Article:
Looking at my supply closet, I was suddenly struck by the boxes of Zyprexa samples piled high inside. I'm an internist, a doctor who treats sore throats and high blood pressure. This medication was an antipsychotic drug designed to treat the severe delusions and agitation of bipolar disorder and schizophrenia.
What are these doing here? I asked my office nurse. The drug rep brought them, she said. She wants to speak to you.What did the rep say?
She said that I was likely seeing bipolar patients, as well as demented patients who were agitated.Moving ahead a bit...
At that point, she said the company had given her a directive to reach out to as many internists as possible. The company felt that we internists as a group were underutilizing the drug, she said.Dr. Siegel also stated that
That's dangerous thinking, I replied. I told her that such persistence would no doubt lead to the drug being wrongly prescribed — that it would hurt patients.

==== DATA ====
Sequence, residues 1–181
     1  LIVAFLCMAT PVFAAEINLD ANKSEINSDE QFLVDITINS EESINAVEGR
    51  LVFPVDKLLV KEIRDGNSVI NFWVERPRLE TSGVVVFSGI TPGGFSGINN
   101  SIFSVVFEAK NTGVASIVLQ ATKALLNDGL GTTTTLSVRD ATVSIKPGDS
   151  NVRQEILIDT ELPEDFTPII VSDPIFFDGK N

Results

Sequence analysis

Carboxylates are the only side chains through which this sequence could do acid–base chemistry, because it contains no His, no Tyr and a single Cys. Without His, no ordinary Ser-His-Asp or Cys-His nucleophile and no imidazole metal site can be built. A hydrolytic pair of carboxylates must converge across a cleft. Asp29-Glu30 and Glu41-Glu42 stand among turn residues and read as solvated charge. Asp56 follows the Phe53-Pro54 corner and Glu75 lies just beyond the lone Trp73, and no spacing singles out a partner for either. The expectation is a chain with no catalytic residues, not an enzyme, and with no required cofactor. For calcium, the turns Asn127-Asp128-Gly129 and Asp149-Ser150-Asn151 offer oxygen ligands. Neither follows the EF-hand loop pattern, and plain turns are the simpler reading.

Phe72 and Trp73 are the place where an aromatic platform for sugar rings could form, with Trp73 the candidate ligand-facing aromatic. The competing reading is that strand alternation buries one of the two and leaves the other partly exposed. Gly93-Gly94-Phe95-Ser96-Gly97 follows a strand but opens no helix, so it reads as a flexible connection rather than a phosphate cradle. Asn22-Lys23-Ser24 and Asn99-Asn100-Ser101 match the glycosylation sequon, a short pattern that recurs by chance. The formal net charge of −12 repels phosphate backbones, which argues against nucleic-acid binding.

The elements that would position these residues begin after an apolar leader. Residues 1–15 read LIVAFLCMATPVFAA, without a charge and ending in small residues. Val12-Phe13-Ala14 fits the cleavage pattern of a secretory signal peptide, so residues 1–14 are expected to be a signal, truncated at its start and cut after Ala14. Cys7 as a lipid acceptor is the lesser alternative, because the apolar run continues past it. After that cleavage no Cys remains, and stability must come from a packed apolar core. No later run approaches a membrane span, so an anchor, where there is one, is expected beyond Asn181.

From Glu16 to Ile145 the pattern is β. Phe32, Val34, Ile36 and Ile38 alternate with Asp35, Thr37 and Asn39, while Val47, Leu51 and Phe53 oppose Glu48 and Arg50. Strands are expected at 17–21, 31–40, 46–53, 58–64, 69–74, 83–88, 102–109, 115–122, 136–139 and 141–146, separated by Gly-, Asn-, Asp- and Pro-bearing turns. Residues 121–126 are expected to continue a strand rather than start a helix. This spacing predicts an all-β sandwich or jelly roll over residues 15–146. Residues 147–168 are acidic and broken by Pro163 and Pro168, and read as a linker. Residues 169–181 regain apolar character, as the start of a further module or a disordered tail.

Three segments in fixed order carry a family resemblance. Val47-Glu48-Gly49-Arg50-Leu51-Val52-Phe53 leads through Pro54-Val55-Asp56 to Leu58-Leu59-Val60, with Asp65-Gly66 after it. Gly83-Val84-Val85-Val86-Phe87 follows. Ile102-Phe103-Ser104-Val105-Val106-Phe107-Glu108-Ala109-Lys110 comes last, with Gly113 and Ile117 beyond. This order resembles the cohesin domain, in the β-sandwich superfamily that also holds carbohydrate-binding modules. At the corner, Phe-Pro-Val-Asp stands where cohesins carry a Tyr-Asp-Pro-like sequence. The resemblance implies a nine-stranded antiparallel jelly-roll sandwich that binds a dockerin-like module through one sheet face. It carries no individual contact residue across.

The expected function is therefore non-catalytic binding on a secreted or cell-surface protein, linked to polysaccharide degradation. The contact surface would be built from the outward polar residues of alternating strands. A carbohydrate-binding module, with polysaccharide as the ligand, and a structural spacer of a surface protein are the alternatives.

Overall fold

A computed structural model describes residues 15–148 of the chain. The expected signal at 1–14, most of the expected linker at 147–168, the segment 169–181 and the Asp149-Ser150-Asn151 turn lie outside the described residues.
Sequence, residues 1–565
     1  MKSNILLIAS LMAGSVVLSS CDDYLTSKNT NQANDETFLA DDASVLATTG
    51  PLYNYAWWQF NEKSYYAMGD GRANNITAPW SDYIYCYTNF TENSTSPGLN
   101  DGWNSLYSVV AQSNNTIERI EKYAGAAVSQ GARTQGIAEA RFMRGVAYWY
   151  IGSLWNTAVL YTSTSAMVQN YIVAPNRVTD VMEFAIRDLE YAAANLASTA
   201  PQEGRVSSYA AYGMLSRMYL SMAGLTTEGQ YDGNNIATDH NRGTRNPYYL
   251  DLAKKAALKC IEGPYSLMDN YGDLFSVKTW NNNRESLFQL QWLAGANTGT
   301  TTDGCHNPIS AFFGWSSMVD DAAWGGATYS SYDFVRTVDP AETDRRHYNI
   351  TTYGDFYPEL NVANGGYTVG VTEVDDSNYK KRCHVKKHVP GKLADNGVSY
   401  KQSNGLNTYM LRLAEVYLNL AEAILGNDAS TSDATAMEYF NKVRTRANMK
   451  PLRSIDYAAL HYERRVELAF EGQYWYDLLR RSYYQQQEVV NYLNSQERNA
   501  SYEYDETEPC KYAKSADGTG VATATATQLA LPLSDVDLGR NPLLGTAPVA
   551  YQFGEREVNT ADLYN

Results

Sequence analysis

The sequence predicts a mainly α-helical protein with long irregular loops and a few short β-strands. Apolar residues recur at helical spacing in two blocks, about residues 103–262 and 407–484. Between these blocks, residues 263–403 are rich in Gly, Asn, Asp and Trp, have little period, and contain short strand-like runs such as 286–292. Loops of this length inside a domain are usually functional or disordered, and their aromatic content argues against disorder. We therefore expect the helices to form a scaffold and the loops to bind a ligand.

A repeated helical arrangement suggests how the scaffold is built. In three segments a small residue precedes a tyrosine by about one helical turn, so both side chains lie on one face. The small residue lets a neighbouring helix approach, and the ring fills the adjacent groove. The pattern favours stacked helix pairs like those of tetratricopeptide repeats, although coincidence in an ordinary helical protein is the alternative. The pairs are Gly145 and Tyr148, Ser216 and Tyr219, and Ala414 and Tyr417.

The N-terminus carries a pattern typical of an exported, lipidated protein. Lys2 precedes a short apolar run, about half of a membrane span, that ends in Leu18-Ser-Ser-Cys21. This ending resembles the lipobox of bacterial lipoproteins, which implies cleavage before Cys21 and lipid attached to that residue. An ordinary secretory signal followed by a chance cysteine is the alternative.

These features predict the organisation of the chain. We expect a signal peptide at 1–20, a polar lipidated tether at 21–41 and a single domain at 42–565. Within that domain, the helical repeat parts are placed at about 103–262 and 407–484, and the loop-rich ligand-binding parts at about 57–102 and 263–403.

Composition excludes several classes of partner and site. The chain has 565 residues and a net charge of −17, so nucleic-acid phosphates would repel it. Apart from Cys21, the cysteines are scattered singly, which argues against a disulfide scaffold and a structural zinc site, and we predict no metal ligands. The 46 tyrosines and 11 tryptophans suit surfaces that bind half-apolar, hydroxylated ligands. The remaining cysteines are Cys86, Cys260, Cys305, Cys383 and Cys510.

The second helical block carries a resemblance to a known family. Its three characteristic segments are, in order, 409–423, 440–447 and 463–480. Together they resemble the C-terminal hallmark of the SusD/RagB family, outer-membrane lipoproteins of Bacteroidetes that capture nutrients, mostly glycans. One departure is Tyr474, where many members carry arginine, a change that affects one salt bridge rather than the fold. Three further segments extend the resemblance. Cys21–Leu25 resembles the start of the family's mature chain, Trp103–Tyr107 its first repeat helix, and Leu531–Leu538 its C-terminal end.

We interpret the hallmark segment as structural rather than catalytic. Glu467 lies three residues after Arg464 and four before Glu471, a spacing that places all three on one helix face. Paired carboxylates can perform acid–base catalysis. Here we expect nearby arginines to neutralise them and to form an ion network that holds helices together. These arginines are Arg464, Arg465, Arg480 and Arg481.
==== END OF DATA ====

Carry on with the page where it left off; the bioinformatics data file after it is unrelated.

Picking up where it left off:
Although psychiatrists are not always available and not all patients are willing to see them, doctors must carve out our areas of expertise in keeping with our training and experience, and depression and psychosis are simply not my areas as an internist.You mean that non-mental health specialists should not be doling out Zyprexa, Risperdal, Seroquel, and the like willy-nilly? Sounds good to me -- of course, psychiatrists should also be careful of what they prescribe and take a close look at the evidence behind the medicines they hand out to patients. On another note, Siegel's story ties in nicely with other evidence regarding the apparent off-label promotion of Zyprexa.